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‘New Google tablet to rival Amazon’s Kindle’

TAIPEI: Google Inc will soon unveil a tablet co-branded with Taiwan’s Asustek Computer Inc and priced to compete with Amazon’s Kindle Fire device, an Asustek executive said on Wednesday.

Amazon’s Kindle Fire, which runs a version of Google’s Android operating system, sells for $199. Through it users can access Amazon content including books, music and video.

“It’s targeting Amazon. The Kindle is based on Google’s platform but with its own service, so Google has to launch its own service, too,” said the executive of the device.

Google has its own store for apps called Google Play, but does not have anything like Amazon’s service.

It was earlier reported that Google would launch a tablet at its developer conference this week, taking direct aim at Apple Inc’s iPad, citing two people familiar with the matter. One of the sources said the 7-inch tablet would showcase new features of Android.

The Asustek executive, who did not want to be named as the planned device has not yet been made public, declined to give details on its price, specifications or launch timetable. Rumours that the search engine giant planned to launch a tablet at its annual developer conference have circulated on tech blogs for weeks.

Google declined to comment.

Apple’s iPad had a 68 per cent share of the market in January-March, according to data from IDC. Amazon had a little over 4 per cent, lagging Samsung Electronics and Lenovo. Microsoft last week introduced its own line of tablet computers, marking a major strategic shift for the software giant as it struggles to compete with Apple and re-invent its aging Windows franchise.

Google has previously worked with hardware manufacturers HTC and Samsung to produce co-branded Android mobile phones under the Nexus brand. This would be its first such tablet device.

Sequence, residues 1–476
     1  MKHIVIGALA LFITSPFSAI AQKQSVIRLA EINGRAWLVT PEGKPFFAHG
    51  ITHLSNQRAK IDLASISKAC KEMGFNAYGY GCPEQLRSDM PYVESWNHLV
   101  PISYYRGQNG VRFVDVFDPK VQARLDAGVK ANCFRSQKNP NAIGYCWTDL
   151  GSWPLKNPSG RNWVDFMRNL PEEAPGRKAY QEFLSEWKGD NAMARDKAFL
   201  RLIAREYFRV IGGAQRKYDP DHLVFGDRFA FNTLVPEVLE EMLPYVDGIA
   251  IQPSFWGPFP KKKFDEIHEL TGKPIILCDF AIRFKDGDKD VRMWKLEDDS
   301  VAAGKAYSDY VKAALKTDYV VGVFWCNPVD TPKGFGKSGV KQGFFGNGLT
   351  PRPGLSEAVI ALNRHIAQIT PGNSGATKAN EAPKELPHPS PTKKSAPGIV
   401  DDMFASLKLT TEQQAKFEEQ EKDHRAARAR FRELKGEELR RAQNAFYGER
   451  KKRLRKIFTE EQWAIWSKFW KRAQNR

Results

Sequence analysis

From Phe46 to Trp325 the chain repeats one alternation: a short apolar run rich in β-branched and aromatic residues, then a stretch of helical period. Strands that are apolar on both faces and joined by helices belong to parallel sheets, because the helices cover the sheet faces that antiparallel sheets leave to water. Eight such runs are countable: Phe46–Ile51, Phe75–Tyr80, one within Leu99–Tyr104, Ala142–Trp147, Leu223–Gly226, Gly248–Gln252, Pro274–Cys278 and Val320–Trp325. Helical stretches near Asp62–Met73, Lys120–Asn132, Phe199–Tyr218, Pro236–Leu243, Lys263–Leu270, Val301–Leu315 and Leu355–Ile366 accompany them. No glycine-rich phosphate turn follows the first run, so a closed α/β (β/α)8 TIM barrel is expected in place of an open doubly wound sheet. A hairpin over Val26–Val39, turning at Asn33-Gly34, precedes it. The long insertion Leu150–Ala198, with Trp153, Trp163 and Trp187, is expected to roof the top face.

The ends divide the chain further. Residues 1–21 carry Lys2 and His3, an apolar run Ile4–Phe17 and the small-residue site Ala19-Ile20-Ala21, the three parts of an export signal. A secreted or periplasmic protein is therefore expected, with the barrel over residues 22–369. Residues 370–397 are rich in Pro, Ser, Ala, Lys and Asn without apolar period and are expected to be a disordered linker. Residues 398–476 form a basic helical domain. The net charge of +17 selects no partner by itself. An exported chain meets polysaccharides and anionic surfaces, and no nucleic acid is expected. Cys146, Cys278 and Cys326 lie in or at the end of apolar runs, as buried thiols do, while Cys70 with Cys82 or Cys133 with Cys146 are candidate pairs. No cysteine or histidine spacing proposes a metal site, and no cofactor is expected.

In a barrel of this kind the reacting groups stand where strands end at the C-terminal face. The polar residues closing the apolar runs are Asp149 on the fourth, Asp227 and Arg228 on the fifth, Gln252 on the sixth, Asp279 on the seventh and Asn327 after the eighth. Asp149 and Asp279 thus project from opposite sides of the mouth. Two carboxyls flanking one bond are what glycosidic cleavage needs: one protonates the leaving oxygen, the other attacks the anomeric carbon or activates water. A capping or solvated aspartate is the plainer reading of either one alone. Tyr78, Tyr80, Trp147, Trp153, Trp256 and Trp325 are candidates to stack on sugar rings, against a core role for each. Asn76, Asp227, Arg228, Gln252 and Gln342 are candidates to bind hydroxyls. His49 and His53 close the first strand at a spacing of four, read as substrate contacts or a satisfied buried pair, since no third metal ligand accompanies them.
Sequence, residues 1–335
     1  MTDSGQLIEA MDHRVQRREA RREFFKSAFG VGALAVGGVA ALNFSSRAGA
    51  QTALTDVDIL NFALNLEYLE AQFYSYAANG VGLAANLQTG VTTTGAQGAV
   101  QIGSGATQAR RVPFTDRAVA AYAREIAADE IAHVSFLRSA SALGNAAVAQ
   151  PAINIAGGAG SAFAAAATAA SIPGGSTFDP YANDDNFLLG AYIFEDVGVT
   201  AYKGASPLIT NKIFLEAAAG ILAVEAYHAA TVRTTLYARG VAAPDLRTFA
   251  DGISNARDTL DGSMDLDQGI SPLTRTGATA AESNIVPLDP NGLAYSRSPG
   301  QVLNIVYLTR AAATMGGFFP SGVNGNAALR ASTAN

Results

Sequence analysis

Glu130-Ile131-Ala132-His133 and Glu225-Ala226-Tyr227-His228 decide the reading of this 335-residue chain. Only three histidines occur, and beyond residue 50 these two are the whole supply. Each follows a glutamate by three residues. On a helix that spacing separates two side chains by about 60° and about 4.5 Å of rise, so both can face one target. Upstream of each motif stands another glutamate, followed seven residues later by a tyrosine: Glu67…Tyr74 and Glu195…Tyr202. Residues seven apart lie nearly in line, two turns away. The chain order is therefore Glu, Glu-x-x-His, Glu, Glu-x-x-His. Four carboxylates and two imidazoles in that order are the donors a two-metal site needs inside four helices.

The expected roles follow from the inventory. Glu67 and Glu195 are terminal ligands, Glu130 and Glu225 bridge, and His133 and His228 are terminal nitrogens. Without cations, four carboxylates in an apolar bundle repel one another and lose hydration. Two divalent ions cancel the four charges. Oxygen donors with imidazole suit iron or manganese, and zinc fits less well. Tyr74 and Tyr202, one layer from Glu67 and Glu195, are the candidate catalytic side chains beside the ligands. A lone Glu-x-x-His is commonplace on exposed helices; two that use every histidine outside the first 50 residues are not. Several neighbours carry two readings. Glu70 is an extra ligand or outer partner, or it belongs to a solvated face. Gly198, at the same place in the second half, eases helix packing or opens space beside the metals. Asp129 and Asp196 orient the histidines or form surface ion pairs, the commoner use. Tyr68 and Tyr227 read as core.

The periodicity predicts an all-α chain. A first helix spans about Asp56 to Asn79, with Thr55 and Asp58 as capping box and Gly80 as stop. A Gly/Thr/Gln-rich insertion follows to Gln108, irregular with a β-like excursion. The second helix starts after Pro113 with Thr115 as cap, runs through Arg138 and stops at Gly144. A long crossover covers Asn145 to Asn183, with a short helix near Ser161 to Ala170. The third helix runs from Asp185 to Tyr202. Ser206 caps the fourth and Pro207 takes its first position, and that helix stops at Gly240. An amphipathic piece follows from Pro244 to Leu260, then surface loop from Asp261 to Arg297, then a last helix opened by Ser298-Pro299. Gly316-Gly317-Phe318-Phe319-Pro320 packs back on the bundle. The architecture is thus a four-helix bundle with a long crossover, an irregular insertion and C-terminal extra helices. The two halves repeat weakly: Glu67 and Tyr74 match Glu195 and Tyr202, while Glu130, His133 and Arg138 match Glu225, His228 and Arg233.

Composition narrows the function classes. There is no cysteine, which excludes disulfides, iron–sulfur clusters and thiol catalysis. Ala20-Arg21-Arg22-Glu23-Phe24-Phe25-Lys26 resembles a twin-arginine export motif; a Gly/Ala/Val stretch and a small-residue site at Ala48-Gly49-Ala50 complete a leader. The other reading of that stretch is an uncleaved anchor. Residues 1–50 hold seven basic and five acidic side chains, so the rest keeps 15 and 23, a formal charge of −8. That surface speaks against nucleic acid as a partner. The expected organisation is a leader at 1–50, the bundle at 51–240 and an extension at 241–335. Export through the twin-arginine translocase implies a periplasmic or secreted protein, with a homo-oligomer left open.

Asustek shares gained 2.6 per cent in Taipei, outperforming a 0.6 per cent gain on the benchmark stock index.

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Microsoft tablet to have little impact in 2012: Analyst

WASHINGTON: Even with its highly publicized launch of a new tablet computer, Microsoft is expected to have little impact this year on the fast-growing market, a research firm said Wednesday.

ABI Research expects Windows 7, Windows 8 and Windows RT-based tablets to account for only 1.3 percent of 2012 global shipments.

This is because there is a dearth of products using the existing Windows 7 operating system and the new Windows RT and Windows 8 operating systems are likely to hit the market in October.

Microsoft, which has been largely absent from the tablet market dominated by Apple’s iPad, said this week it would launch its own branded tablet his year called Surface. But many details and pricing were not revealed.

“The obvious ‘low hanging’ market opportunity for Microsoft’s Surface tablets is with business buyers that have an installed base of Windows PCs,” ABI said.

“Microsoft may face an uphill battle by throwing its hat into the mobile computing tablet ring.”

Microsoft chief executive Steve Ballmer described the iPad challenger — complete with a built-in stand and ultra thin covers-cum-keyboards in a range of colors — as a tablet that “works and plays.”

The Surface features a flip-out rear “kickstand” to prop it up like a picture frame and can be combined with a 3mm-thick Touch Cover that, when opened, acts as a keypad so tablets could be switched into “desktop” mode.